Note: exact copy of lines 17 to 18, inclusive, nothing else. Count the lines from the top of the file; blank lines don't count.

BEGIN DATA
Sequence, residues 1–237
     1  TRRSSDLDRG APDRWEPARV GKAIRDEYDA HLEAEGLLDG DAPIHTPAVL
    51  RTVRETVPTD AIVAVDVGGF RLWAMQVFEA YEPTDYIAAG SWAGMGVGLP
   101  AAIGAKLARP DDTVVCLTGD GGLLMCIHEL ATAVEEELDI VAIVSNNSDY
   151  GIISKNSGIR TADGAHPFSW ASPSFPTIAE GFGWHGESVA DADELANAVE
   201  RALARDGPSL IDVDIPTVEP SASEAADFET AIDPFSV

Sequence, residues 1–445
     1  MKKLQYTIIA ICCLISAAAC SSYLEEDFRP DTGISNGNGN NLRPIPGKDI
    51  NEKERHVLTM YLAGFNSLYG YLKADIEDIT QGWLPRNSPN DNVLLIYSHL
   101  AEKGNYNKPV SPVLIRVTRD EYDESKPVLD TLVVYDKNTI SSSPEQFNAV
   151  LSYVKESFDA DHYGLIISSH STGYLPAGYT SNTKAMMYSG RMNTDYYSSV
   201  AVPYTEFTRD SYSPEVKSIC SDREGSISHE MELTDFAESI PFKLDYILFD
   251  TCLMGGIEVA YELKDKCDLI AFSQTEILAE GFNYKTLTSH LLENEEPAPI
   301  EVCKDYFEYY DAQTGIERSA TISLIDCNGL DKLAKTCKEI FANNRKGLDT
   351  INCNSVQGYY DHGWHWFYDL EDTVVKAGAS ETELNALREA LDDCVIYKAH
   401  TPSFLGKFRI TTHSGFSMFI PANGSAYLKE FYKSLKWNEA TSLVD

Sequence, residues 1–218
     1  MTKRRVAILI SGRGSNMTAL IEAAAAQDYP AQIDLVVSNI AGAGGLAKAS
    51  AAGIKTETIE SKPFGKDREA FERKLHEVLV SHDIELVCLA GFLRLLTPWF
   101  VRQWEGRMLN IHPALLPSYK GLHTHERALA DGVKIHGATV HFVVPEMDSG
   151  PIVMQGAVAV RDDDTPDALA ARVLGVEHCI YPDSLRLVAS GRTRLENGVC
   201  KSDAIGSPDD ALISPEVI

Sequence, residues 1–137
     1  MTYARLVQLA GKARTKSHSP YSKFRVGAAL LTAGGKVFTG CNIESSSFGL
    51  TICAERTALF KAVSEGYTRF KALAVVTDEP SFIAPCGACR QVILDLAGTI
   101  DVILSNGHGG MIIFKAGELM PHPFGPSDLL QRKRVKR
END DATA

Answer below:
Sequence, residues 1–218
     1  MTKRRVAILI SGRGSNMTAL IEAAAAQDYP AQIDLVVSNI AGAGGLAKAS